“Prime Minister Cameron, President Hollande and Chancellor Merkel then said, ‘We will not have reached the nuclear deal with Iran if we did not think that it removed a threat to the region and the non-proliferation regime as a whole.  We are confident that the agreement provides the foundation for resolving the conflict on Iran’s nuclear program permanently.  That is why we now want to embark on the full implementation of the Joint Comprehensive Plan of Action.’

“Today, I urge my colleagues to vote in support of the agreement that enhances our vigilance and strengthens our security.  I just always am fond of quoting Solomon in the Bible.  When King David died and Solomon was to become king, he was uncertain as to his ability to be king in terms of his wisdom and the rest.  And he prayed to God and prayed that God would give him the wisdom because David was such a great king and how could he – he said to God: I’m going to be the king of your people; help me with knowledge, with wisdom.  God came to him in the night and said: Solomon, because you did not ask for longevity, because you did not ask for great riches, because you did not ask for vengeance upon your enemies, I will give you more wisdom than anyone has ever had and you will be renowned for wisdom.  The Solomon of Wisdom which sprang from humility – the humility to pray for enlightenment, for knowledge, for wisdom, for judgment.

“And that humility is so essential in the job that we do here, that we don't have foregone conclusions. That's why I’m so proud of my Members who spent so much time studying this issue – not only reading the agreement and the classified sections and the rest but seeking answers, having information, seeking validation from generals and admirals and scientists and leaders of other countries as to what their actions would be should we unfortunately reject this, which happily we will not do today.  They had the humility to open their minds to learn; and when they learned, they had the courage to take an action where some other of their friends may not have arrived at yet because they didn't have the benefit of all of this information.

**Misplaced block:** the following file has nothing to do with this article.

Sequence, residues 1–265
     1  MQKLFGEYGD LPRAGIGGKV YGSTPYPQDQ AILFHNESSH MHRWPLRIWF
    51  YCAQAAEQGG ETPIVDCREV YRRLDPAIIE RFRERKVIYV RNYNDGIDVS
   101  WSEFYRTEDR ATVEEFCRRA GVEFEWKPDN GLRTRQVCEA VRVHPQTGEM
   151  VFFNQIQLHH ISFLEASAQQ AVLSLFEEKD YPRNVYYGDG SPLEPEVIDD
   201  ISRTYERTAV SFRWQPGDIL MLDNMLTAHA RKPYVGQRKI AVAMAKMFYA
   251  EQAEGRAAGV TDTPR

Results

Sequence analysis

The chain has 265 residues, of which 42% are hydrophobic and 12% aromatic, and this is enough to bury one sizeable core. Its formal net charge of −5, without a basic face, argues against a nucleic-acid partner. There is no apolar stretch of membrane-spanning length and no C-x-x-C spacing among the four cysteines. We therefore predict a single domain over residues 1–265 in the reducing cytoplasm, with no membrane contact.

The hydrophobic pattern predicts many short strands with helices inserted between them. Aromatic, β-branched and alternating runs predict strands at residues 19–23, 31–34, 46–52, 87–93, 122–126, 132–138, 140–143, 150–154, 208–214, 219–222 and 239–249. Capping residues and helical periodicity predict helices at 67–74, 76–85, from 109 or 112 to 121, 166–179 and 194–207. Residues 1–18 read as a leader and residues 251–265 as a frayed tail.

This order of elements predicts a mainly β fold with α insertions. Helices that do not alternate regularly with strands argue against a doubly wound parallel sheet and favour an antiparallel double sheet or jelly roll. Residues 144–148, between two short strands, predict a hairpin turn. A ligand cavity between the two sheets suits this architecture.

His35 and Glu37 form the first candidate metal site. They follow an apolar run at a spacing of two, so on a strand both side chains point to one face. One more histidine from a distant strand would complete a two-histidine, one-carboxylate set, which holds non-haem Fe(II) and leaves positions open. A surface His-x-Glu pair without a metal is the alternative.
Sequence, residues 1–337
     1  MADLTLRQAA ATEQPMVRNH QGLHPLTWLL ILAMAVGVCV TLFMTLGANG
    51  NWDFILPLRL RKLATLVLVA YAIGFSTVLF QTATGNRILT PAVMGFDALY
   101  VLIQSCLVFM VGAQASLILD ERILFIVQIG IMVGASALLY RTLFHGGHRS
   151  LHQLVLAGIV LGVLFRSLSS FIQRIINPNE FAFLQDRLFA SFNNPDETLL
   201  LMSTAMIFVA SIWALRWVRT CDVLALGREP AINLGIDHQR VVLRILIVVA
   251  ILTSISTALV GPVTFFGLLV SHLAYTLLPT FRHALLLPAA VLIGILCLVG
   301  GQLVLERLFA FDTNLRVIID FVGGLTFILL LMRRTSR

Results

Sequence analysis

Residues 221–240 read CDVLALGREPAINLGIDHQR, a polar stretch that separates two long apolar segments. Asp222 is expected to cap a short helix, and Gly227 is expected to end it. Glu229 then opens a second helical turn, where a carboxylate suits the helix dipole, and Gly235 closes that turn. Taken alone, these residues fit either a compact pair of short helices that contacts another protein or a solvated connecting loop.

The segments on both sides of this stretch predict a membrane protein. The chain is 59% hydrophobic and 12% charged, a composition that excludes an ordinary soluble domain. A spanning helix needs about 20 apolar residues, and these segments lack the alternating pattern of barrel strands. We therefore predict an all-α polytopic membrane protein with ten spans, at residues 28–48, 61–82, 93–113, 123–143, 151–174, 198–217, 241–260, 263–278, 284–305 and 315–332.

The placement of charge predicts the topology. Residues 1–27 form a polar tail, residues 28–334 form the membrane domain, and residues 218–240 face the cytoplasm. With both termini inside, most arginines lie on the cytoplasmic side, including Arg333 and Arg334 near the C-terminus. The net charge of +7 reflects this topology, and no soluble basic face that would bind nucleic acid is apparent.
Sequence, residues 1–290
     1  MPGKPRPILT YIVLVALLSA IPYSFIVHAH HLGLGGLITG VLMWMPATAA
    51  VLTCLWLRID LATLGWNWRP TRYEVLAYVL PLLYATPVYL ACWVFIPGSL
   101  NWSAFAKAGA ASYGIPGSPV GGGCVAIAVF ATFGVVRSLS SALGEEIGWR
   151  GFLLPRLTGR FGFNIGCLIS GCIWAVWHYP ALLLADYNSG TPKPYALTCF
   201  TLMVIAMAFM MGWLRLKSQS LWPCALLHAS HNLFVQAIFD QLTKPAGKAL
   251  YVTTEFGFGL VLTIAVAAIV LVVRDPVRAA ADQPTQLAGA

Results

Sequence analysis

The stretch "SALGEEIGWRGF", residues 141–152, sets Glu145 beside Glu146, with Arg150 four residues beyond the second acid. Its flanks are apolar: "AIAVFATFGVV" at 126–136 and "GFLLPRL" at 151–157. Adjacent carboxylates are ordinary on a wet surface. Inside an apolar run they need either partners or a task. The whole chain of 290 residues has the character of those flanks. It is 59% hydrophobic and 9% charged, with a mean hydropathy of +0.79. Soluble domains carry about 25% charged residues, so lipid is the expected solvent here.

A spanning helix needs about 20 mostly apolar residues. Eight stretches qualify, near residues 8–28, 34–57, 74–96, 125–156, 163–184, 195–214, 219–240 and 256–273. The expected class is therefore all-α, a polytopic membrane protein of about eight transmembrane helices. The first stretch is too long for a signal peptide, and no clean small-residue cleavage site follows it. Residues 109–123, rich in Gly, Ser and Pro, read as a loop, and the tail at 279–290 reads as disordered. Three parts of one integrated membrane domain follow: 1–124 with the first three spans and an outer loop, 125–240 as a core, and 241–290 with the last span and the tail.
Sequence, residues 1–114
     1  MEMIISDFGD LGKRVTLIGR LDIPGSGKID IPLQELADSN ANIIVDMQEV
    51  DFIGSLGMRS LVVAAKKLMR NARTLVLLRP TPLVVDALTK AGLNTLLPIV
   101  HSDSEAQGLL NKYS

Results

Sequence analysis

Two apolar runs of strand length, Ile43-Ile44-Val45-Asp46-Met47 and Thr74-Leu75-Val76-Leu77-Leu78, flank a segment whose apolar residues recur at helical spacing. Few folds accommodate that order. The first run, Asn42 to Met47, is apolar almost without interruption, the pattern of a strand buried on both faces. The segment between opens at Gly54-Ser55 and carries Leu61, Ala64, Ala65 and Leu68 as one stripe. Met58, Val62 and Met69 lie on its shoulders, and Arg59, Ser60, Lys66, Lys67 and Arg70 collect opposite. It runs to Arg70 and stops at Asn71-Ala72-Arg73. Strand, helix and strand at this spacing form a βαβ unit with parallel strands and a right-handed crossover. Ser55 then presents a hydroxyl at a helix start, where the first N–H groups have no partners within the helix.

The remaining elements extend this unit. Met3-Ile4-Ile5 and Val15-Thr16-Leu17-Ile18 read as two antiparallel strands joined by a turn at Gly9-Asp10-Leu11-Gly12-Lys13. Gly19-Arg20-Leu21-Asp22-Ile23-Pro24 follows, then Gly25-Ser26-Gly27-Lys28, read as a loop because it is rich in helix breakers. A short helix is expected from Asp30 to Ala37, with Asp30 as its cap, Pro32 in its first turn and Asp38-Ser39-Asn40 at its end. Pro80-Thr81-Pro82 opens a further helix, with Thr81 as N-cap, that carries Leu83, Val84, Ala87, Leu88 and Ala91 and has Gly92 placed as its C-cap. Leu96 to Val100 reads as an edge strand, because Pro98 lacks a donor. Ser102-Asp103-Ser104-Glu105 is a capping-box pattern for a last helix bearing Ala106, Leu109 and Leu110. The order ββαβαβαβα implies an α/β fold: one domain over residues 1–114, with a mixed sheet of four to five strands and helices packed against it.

“So, wherever Members come down on this issue, we know one thing: that we have to come together in the end, to protect our country and stop the proliferation of weapons of mass destruction.  I say boastfully of my own experience that I’ve had decades of experience tracking Iran and its nuclear ambitions.  I’ve served longer than anyone – more than two times longer than anyone – on the Intelligence Committee, so I know of what I speak.  And I went to the Intelligence Committee to stop the proliferation of weapons of mass destruction.  That gave me some judgment as to what the President brought back in this agreement.  And still, I want to subject it to the harshest scrutiny as to from my experience, if I thought that this was the best possible deal we could achieve.

“We mustn't judge agreements by what they don't do but respect them for what they do do.  And what this does is to make our country safer, the region safer, and our friends in Israel safer as their own national security experts have attested.

“So, I thank you, my colleagues.  I thank you for listening, for learning, for coming to whatever conclusion you came to, but understanding that at the end of the day, we have a respect for each other’s opinion and a regard for our responsibilities to our people, to people in the region, our friends in Israel and also a global responsibility.  I join the nuclear physicists in congratulating President Barack Obama for his great leadership in giving us this opportunity.

“Today, we will not just be making history as the approval of this agreement goes forward, we will be making progress for the cause of peace in the world.  With that, I yield back the balance of my time.”